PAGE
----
The advent of enterprisewide quality management systems
Thanks to recent advances in information technologies and system design, a new breed of quality management software has been developed with the ability to integrate quality software applications with business automation systems. With open architecture and object-oriented technology as the bedrock of these new systems, unified quality management can be achieved by linking system components to the enterprise management system. The components are connected through a standard interface framework, such as COM/DCOM or CORBA, that enables disparate applications to seamlessly exchange information. As an example, utilizing the standard interface protocols of the OLE for Process Control specification, quality management systems can automate the linkage of quality information with other business and manufacturing systems.
Companies now can select the MRP, ERP and SCM systems and quality management applications that best meet their needs, integrating them into one enterprisewide management solution. By linking the "best of breed" SPC, document control and other quality management components into the enterprise system via a standard interface framework, companies can create an enterprisewide quality management system that combines comprehensive quality management functionality with business and manufacturing processes.
Integrating the quality management system with the MRP/ERP/SCM system can significantly affect profitability. Such integration minimizes the time and labor associated with data entry by propagating information entered into one component throughout the enterprise system. Where stand-alone quality systems result in large caches of data that are inaccessible to other systems or must be manually transferred, an integrated quality management system provides online access and automatic cross-referencing of data stored within each system component. And by linking this data into automated reporting systems, management can make decisions based on the full body of corporate information.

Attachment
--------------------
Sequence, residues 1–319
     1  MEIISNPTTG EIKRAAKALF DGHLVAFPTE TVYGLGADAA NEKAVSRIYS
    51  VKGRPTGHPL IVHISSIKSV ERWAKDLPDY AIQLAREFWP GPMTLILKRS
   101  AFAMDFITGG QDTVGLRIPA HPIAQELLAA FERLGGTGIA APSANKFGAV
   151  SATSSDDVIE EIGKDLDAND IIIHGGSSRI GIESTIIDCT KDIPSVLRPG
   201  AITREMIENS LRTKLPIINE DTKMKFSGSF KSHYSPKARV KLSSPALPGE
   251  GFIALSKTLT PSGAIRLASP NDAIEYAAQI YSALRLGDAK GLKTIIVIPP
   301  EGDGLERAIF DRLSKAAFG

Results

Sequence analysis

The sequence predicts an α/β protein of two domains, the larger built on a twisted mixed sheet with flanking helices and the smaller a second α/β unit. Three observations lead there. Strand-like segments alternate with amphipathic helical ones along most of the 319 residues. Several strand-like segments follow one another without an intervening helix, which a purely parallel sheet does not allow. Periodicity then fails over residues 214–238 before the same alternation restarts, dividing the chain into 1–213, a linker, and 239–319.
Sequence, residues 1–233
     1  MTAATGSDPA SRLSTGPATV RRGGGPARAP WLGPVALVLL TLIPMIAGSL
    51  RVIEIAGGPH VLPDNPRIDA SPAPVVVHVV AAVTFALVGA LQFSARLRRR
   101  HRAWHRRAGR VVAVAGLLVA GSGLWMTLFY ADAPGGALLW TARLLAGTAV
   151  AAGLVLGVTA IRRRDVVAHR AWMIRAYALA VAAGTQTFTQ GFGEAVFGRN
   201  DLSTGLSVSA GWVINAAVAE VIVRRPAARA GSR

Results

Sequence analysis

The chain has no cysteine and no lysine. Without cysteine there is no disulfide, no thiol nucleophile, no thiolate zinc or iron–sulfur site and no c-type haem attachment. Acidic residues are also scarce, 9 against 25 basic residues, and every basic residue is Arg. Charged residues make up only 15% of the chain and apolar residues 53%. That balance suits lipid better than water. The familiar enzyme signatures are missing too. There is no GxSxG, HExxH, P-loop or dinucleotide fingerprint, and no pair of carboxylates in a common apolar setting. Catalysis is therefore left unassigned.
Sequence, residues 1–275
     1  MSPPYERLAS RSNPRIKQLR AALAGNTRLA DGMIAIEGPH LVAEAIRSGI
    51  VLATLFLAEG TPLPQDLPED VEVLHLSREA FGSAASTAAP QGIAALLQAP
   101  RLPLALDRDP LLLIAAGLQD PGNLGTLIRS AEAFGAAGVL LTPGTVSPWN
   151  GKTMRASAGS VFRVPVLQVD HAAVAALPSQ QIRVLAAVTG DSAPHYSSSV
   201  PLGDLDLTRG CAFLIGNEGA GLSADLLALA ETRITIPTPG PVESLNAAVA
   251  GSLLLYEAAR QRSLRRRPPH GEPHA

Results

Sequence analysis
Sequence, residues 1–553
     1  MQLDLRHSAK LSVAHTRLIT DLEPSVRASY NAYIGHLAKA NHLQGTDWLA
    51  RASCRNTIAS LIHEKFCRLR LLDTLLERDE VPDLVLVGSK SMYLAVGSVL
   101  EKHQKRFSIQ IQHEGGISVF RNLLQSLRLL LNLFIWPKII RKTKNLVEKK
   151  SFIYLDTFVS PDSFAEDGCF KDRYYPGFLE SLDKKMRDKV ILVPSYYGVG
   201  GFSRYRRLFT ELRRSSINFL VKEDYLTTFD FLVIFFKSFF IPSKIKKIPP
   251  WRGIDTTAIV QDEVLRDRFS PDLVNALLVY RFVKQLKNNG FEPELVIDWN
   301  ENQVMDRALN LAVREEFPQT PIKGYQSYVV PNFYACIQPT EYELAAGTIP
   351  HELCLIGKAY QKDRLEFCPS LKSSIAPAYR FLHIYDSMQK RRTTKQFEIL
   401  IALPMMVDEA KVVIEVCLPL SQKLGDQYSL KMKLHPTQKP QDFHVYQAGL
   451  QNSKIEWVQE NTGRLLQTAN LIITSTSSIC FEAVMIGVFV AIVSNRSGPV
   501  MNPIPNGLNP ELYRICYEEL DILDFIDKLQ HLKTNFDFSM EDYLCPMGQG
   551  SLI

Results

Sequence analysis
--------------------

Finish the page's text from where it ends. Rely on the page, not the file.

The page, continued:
An enterprisewide quality management system also provides business planning systems with real-time access to production and quality inspection data that can be immediately used to determine material and product disposition. In short, integration turns quality data into accessible information that can be delivered to management in a timely manner, permitting informed decisions on critical processes that define a company's success.
Identifying quality management systems that work
Selecting the components to create an enterprisewide quality management system must be performed with care because the integration of a powerful MRP/ERP/SCM system with a marginal quality management solution will fail to produce the expected synergistic results. An improper match may actually work to decrease the operation's efficiency and profitability. The selected quality systems must not only provide the basic functionality of quality control but must also have the appropriate architecture to interoperate with the extant corporate enterprise system.